Quilt Storage

Stack of Quilts - Haiti by Hand
Photo Credit: Haiti by Hand

This is a guest post by Emilie Kahn

Storing A Beloved Quilt

After spending countless hours creating a quilt and displaying it with love, the time will eventually come that it will need to be put into storage. How you store your quilt is very important to the life of the quilt. Improper storage can mean a bitter end for any quilt – often resulting in mildew, mites, and rips or decaying of the fabric.

It is important that all of the components for your quilt’s storage be acid free. This means archival boxes or tubes, sealed wood chests or shelves, acid-free tissue paper, untreated and washed muslin and cotton batting. Never store a quilt in plastic, this traps moisture in with the quilt and cause irreversible damage.

The best way to store a quilt is rolled (unless it is fragile or has a lot of 3-D detail)

This method avoids creases which can lead to weak points in the body of the quilt. Here is the process:

  • Acquire an acid-free tube which is longer than your quilt by a few inches. It is important that the diameter of the tube be a minimum of four inches.
  • Wrap the tube in a layer of cotton quilt batting and then acid free tissue or muslin.
  • Lay your quilt out on a clean cotton sheet, face down.
  • Begin to gently and loosely roll the quilt on to the tube with the back of the quilt on the inside.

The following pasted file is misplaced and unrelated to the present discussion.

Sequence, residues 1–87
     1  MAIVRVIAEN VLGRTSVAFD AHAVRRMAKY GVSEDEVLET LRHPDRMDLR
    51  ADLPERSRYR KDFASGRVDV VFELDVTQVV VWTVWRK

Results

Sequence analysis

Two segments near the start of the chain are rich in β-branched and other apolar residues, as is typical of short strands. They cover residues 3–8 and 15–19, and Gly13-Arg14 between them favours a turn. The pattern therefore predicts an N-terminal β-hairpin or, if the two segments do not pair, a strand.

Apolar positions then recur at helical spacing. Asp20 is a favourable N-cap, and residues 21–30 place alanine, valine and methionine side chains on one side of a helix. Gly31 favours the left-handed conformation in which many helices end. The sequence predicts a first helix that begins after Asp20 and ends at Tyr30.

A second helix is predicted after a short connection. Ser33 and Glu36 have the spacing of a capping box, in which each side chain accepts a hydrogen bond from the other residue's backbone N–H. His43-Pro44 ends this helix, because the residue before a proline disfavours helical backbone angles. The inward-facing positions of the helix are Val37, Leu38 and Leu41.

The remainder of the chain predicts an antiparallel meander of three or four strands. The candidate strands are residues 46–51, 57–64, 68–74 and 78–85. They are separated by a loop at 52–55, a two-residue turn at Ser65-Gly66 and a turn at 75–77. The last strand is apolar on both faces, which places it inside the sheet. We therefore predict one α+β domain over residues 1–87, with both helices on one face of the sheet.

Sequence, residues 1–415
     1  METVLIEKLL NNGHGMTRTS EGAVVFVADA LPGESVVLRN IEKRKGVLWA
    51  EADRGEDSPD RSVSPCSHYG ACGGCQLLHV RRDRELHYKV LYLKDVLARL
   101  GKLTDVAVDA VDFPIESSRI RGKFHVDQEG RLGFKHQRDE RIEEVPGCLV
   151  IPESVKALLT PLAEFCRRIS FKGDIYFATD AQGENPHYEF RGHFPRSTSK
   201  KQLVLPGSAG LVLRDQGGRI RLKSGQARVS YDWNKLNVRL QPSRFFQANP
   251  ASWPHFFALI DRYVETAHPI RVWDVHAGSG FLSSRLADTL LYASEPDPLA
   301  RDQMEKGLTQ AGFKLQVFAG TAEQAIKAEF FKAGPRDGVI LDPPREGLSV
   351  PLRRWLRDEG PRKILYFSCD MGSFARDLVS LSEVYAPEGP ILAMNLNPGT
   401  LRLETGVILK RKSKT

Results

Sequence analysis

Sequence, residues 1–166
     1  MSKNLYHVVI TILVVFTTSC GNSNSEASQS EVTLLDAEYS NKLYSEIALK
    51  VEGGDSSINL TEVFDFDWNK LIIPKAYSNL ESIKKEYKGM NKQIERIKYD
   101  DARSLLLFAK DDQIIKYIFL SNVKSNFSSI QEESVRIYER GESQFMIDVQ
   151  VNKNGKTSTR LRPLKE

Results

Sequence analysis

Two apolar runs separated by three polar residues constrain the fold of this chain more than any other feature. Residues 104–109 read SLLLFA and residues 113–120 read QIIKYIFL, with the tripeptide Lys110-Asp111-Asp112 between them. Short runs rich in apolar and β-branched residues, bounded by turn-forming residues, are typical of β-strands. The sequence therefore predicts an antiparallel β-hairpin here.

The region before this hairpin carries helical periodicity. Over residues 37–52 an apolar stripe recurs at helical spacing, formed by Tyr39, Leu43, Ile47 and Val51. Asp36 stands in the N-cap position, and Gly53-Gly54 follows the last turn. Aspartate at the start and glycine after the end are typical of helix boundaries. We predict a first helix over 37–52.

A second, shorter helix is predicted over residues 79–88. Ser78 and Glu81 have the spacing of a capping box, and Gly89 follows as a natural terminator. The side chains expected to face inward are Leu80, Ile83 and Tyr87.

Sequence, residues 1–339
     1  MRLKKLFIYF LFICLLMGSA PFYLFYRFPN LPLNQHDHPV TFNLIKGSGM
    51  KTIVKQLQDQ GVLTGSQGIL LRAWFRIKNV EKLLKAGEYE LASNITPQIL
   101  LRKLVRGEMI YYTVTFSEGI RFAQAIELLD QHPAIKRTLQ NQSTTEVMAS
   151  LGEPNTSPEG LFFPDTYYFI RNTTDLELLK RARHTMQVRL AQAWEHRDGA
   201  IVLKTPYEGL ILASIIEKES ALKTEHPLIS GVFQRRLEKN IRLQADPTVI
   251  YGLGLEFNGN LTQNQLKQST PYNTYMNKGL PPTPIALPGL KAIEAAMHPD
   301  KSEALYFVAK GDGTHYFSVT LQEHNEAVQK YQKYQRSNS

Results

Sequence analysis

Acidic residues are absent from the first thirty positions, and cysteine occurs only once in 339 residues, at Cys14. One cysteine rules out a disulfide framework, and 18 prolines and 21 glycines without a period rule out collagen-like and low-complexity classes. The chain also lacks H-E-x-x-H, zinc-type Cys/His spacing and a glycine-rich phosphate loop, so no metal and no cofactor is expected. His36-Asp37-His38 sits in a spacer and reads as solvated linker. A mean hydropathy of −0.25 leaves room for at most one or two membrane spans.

• Cover the roll with another layer of acid-free tissue or cotton to help keep the dust out.
  • Place the rolled quilt into its storage location, under a bed can be an excellent option, with the ends of the tube placed on blocks so the quilt is suspended.

If storing a quilt on a roll isn’t an option, folded storage is your best bet

  • It is important that the first fold be on the horizontal axis of the quilt (this would be parallel to the floor when the quilt is hanging on the wall), this way if any creases do occur they are more likely to come out without steaming when the quilt is hung.
  • Fold the quilt in thirds.
  • Pad the interior of each fold in the quilt with crumpled acid-free tissue paper.  If none is available, use scraps of cotton batting rolled in muslin. Padding the folds will reduce creases in the quilt.
  • Wrap the folded quilt in acid-free tissue paper, muslin, or a cotton sheet.
  • Store the quilt in an archival box with reinforced corners.
  • If you are going to store the quilt on a shelf or in a wood chest, make sure the wood has been sealed with either polyurethane or paint so that the naturally occurring acids in the wood don’t seep into your quilt. If the wood is untreated line the areas the quilt will touch with acid-free tissue paper or muslin.

Every quilt in storage should be taken out and aired at least once a year and then re-rolled or folded.

These tips are for quilts that have been created more recently and while they may work for a beloved antique quilt, it may be best to consult a quilt conservation professional.

Here is some additional information on handling and storing old quilts: The Care of Quilts by University of Nebraska

Happy Quilting!

Emilie Kahn

If you enjoyed this article, please visit my blog at www.SeeSawSew.com 

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